Malta will be launching its very own National Space Strategy, Parliamentary Secretary for the Digital Economy Silvio Schembri has announced.
While trips to the moon may spring to mind, the strategy actually has nothing to do with space exploration, but rather seeks to create opportunities out of the commercialisation in space.
In a meeting held at the AFM Barracks in Pembroke, Schembri outlined the government’s vision for the strategy and the task force that would head it.
Malta in itself already has several advantages in the field including its location, access to the EU market and human capital.
Schembri added that the strategy follows the government’s progressive stance in the technological field following strides made in both blockchain and AI.
There are three primary objectives to the strategy
The first involves the creation of a competitive legal regime for the commercial space industry, which looks to strengthen and promote foreign direct investment by also providing space satellites and space mining companies with tailor-made incentives to register in Malta.
As a practical example, Luxembourg has already emerged as a pioneer in the field after introducing legislation for the industry that is proving to be successful.
On an EU level, space programmes ensure high quality, up-to-date and secure space related data, increasing growth and job creation in the block. The strategy will also place research and innovation as a primary objective.
The industry is predicted to generate $2.7 trillion worldwide in the next 30 years.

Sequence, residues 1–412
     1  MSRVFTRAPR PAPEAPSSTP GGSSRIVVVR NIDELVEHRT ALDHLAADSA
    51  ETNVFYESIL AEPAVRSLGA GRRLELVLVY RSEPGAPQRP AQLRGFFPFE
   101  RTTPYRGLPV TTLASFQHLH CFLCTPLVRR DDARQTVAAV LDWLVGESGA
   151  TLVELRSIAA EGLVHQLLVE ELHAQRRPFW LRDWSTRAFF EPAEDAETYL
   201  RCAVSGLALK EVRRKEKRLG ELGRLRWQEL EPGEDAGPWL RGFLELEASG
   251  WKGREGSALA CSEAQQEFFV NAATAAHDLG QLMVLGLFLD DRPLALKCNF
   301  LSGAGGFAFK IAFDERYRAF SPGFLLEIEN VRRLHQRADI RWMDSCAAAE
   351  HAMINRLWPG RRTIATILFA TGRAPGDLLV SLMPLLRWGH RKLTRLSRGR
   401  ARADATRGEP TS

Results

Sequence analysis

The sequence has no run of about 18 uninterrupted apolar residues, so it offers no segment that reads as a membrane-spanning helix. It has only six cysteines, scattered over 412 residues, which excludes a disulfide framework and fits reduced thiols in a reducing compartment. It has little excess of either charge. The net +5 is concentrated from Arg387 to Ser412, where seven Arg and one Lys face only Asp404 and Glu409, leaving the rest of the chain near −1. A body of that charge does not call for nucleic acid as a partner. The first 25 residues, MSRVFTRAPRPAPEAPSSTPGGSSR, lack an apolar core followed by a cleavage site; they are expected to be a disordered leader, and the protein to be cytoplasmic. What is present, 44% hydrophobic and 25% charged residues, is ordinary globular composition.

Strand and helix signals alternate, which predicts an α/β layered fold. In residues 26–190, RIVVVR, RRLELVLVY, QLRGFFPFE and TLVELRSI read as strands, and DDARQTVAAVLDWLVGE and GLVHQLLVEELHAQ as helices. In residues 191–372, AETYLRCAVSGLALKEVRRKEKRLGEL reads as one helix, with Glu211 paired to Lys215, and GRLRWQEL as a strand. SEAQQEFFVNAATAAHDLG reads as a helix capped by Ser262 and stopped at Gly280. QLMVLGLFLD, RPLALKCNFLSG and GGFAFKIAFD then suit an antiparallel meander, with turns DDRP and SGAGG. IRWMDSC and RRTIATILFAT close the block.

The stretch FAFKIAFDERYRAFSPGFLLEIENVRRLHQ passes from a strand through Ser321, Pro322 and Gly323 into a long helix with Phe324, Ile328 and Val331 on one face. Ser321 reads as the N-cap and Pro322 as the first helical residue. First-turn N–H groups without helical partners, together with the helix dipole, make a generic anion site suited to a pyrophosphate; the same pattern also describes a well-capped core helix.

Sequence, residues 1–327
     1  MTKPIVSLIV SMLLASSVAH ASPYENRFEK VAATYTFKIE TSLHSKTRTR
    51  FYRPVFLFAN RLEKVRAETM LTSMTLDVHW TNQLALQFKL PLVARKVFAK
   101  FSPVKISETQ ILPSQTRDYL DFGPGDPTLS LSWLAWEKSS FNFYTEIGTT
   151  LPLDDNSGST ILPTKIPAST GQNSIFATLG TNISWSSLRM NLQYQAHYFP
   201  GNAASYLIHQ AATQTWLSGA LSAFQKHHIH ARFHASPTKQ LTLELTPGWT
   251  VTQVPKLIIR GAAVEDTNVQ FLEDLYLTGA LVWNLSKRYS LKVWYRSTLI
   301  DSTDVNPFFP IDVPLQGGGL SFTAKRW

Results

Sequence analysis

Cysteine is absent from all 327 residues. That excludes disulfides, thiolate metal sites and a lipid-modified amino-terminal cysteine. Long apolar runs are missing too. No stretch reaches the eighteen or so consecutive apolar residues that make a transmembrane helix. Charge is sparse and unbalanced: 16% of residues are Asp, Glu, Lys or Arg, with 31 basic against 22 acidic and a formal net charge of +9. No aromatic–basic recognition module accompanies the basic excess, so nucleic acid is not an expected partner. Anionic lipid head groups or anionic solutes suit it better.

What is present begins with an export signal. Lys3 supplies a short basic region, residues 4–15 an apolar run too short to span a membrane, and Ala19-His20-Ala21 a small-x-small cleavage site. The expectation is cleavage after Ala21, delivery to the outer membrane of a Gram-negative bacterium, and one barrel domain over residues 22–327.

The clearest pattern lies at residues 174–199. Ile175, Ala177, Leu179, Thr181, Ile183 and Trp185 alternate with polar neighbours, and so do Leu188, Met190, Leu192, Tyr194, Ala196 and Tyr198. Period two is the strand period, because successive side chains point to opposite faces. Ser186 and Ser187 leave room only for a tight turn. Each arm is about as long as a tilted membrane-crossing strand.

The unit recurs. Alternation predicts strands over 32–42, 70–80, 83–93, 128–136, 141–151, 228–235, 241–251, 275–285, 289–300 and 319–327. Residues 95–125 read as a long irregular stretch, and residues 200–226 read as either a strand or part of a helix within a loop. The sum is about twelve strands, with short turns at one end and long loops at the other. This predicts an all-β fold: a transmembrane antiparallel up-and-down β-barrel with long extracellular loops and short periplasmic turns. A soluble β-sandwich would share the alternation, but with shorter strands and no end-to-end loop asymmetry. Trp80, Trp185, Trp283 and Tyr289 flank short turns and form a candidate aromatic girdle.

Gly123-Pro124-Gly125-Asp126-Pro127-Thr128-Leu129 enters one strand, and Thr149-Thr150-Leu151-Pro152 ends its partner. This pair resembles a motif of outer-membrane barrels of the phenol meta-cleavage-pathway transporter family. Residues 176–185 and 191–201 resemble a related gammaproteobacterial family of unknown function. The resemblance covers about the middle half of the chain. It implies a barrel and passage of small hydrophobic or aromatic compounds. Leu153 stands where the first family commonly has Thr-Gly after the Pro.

“The idea of space should not be as abstract as people think,” Schembri said as he emphasised how the data gathered from space can truly affect people’s daily lives.
For example, such data not only improves weather applications and broadband communications, but also can assist in more precise farming, disaster avoidance, traffic management and energy generation.
Job creation and economic growth are also crucial to the strategy, with the promotion of STEM subjects to create opportunities a key focus.
Headed by Chairman Omar Cutajar, the task-force will consult with both international and local stakeholders to draft the strategy, policy, and a framework to develop the commercial space sector.
The announcement also saw the ceremonial launch of a 1.5m, 3kg CanSat rocket.
The CanSat competition sees students work together to gather data from a satellite-like devices to calculate the altitude and other atmospheric indicators according to their own unique missions.
More information on the strategy can be found on maltaspace.com
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